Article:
Trollhattan visit – This is Saab 9-5 Drive Day!

Today is Drive Day!

By the time you read this, I’ll be on my way (in a new 9-5) to Landvetter Airport in Gothenburg, which is where it all starts.

I’ll be joining members of the Irish and German automotive press, so it should be interesting, to say the least. The car is aimed at the Audi A6 and Saab make no bones about this in their presentation. The fun part will be listening to some of the German press’ follow-up questions.

We have a briefing at Landvetter, then a drive to Trollhattan for the presentation that I saw when I was at the launch center yesterday. All the really fun driving on the test track takes place tomorrow.

There will be a number of Saab key personnel at the Saab Launch Center to take questions from the press after the presentation. These will include the big guns in Jan-Ake Jonsson and Victor Muller, as well as key product guys from Design, Infotainment, Safety and Powertrain.

I’ve got most of your questions from the People’s Road Test all ready to go. There’s some I just can’t cover, but I think you should be pretty happy with the outcome.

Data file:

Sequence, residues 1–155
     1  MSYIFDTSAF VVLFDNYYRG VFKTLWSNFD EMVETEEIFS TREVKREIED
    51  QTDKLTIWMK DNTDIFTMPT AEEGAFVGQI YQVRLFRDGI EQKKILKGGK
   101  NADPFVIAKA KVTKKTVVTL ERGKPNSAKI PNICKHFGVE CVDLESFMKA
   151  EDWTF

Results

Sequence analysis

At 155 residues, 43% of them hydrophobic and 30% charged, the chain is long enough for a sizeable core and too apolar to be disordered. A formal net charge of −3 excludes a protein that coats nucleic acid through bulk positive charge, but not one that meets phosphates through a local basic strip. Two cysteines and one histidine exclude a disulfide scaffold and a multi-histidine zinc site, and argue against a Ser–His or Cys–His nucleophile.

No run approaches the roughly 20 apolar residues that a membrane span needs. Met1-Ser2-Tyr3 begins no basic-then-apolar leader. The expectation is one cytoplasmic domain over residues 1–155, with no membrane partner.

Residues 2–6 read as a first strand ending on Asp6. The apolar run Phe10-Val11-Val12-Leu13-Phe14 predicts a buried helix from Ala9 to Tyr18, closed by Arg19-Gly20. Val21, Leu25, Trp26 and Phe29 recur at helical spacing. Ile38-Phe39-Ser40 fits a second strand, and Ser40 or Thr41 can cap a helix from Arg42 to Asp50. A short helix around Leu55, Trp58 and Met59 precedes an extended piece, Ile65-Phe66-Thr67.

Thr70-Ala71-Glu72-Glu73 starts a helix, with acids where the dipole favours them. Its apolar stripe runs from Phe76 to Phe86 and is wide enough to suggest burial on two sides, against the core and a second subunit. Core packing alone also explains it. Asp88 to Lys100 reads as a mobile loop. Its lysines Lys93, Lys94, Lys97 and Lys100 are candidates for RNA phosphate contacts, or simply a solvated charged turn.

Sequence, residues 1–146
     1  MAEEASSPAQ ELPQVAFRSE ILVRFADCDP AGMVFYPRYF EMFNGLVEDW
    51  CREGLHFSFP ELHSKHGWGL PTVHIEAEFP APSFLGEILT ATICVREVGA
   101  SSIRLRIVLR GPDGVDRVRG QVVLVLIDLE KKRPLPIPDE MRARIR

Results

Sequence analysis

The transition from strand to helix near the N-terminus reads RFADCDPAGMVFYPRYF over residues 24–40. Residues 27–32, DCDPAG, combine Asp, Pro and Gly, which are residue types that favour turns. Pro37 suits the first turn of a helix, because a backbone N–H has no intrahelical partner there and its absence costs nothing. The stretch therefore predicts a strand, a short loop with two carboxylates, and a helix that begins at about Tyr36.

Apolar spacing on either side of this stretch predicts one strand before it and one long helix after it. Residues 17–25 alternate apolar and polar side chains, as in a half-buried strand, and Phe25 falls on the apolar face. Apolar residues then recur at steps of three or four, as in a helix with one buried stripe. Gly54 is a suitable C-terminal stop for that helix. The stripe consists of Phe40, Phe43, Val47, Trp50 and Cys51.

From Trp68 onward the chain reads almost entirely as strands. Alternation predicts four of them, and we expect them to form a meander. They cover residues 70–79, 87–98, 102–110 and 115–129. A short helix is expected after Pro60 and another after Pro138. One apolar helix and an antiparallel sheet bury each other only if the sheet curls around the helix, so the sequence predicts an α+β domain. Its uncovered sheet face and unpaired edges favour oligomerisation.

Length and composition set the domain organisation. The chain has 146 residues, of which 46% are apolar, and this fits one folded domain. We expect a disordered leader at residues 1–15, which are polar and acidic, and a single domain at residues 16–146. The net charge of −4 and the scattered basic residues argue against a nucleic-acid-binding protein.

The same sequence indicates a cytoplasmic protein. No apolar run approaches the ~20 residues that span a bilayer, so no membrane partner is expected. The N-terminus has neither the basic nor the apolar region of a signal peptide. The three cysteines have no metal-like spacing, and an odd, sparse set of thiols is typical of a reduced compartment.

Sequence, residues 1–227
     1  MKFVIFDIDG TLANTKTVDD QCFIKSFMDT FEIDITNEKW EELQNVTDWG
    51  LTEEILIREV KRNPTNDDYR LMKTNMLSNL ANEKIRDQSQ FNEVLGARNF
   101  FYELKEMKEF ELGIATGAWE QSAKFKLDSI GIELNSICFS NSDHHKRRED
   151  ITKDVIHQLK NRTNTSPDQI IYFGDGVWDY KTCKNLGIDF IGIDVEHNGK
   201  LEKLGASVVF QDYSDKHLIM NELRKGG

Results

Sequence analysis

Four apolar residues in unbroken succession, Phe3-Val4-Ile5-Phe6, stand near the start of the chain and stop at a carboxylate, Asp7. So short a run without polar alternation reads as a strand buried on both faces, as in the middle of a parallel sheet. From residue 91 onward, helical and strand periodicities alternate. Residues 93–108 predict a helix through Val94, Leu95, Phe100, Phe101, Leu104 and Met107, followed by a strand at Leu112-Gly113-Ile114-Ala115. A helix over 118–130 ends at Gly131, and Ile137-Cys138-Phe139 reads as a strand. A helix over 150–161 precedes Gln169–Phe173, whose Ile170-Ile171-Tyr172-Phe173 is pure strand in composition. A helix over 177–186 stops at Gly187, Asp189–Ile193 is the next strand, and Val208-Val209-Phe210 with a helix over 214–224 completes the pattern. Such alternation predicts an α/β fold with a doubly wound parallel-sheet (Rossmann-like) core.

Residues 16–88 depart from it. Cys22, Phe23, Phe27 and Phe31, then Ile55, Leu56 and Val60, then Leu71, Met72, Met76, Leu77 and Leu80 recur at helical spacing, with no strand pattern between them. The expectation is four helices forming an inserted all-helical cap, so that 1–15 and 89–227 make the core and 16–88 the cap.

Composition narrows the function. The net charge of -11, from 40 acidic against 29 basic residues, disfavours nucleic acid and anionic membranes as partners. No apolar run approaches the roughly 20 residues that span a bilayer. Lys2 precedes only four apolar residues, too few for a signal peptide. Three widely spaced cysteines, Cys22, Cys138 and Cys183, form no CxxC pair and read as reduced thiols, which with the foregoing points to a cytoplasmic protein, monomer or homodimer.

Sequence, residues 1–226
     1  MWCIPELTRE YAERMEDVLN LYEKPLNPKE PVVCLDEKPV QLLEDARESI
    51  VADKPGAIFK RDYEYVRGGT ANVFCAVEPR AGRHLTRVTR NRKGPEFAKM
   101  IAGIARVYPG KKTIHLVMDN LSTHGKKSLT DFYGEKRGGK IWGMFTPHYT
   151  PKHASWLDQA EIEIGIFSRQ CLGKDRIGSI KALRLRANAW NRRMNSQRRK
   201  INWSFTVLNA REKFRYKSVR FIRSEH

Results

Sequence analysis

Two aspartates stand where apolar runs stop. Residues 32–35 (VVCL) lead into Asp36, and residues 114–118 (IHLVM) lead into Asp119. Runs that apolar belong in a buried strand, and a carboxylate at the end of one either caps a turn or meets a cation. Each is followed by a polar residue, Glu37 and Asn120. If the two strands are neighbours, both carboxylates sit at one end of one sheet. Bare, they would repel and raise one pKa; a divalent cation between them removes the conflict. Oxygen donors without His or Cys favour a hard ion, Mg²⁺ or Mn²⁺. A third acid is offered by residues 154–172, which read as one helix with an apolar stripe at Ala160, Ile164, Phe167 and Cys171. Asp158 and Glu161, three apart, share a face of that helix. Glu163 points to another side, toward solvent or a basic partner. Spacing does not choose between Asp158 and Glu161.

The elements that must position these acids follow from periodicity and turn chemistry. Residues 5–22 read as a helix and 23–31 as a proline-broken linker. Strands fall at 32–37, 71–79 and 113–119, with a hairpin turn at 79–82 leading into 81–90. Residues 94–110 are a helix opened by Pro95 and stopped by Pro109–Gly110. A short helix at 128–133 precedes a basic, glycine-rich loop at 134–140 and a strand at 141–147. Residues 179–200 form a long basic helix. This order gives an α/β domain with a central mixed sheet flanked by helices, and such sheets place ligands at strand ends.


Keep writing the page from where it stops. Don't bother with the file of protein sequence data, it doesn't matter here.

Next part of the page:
Tonight there’s a dinner for the press corps, again with some of these big guns. it should be entertaining, especially with the Irish there in force 🙂

Saab Academy: where mechanics go to learn about servicing new Saabs

If I recall correctly, the signs on the wall used to say ‘GM Academy’. That seems like so long ago now.

Today it’s the Saab Academy and it’s where your head service guy (if you’re in Europe) will go to learn how to care for your new Saab 9-5. Other markets will probably have training at a center in their own country, but for the next 7 week or so, European techs will be coming to Trollhattan to learn how to better service these vehicles and take care of their customers.

They’ve got one of each engine variant in the Saab Academy so that the techs can come in and see what they’ll be working with.

There’s a dozen people in each class. The first three days of the week see a three-day comprehensive class take place. The last two days of the week are for groups that have quite a bit of experience with the diagnostic gear used in a wider range of GM brands, so the course is suitably condensed into the shorter time frame.